What is tetanus?
Tetanus is caused by a bacterium, which lives in dirt, dust, soil, feces, and sometimes in animal saliva.
The bacteria can get into your body wherever your skin is broken. This can happen from a scrape or scratch, or from a puncture wound such as from a rusty (dirty) nail.
The bacteria produce a poison that affects your nerves (a neurotoxin). This makes your muscles tighten, cramp, and become stiff and painful. You may also have difficulty swallowing and breathing. The first muscles affected are usually in the jaw, so tetanus is sometimes called lockjaw.
What is my risk?
Speak with one of our Travel Health Specialists to understand the risk of tetanus for your trip.
Tetanus occurs worldwide, and people of any age can get it. Infants and the elderly are most vulnerable. Older people are often unaware that their immunization may have waned over time, if they have not received regular booster shots.
How is it transmitted?
Tetanus is contracted when the bacterium enters the body via broken skin. You cannot get tetanus just from touching an infected object. There has to be at least a tiny cut, scratch or scrape in your skin for the bacteria to get in.
Tetanus does not spread directly from person to person.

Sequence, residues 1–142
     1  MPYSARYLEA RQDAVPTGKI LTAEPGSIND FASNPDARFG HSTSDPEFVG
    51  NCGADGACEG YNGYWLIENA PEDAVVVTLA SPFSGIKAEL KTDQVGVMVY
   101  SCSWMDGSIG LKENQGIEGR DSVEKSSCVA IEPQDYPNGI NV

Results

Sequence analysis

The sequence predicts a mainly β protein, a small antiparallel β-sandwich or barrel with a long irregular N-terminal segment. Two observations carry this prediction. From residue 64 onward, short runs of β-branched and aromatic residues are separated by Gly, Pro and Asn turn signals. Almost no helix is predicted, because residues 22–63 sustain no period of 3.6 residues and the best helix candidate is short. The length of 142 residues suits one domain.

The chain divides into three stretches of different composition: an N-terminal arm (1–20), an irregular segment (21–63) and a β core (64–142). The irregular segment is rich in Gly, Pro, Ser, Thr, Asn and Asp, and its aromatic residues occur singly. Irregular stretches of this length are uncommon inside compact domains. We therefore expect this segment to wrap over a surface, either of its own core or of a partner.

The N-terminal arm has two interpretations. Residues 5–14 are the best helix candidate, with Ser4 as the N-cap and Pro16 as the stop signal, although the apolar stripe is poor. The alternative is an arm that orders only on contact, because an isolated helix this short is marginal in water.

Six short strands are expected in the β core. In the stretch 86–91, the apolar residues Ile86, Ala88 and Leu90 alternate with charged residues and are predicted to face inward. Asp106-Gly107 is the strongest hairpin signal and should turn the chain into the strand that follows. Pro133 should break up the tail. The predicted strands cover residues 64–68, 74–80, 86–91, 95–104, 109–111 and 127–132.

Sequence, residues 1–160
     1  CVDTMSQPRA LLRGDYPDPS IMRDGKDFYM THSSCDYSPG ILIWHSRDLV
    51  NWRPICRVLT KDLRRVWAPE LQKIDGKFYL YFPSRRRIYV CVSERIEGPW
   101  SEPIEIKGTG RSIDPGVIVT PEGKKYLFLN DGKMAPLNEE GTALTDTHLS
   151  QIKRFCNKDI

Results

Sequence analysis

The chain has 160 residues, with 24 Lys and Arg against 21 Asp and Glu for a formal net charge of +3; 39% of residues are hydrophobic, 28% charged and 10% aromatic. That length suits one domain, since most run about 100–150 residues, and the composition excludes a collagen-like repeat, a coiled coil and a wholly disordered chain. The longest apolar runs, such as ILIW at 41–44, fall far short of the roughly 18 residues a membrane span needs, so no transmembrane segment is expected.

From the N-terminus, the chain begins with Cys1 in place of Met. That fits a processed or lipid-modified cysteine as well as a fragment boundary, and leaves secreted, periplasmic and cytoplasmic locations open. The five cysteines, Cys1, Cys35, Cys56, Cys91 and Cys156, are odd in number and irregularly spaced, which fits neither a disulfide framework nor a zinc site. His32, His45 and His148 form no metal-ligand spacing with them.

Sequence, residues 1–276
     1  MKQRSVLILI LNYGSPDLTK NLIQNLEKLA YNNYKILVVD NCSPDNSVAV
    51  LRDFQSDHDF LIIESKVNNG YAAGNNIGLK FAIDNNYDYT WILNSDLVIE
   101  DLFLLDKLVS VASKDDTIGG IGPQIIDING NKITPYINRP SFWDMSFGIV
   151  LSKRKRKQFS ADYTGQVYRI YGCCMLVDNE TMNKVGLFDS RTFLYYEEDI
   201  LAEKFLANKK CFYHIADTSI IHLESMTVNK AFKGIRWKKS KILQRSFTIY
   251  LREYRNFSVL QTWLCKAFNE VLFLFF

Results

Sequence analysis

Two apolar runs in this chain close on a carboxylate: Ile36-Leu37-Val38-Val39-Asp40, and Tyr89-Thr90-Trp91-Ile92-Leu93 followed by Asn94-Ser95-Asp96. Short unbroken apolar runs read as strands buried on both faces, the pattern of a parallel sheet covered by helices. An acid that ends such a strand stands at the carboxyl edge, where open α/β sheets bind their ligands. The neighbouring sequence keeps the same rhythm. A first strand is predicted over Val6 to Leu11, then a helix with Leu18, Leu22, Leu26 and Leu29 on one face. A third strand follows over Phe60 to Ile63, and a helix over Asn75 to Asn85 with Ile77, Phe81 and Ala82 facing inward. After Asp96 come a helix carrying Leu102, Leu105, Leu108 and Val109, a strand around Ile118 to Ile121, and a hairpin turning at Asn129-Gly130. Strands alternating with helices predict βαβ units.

What are the symptoms?
Symptoms typically appear after 3 to 21 days. Sometimes tetanus symptoms appear more quickly or slowly. The interval may range from just 1 day to several months.
The most common symptom of tetanus is sudden cramping and tightening of muscles, beginning with the neck and face. The jaw often locks shut. This is why tetanus is sometimes called lockjaw.
Other symptoms include: headache, trouble swallowing, seizures (violent jerking or shaking of the body), fever and sweating, high blood pressure, and fast heart rate.
Can tetanus be treated?
There is no cure for the infection itself, but treatment in hospital can control the symptoms.
Speak with one of our Travel Health Specialists preferably six weeks before you travel.
Get vaccinated. Discuss vaccination booster shots with one of our Travel Health Specialists.
Tetanus may be vaccinated against independently, or in conjunction with Diphtheria and Pertussis.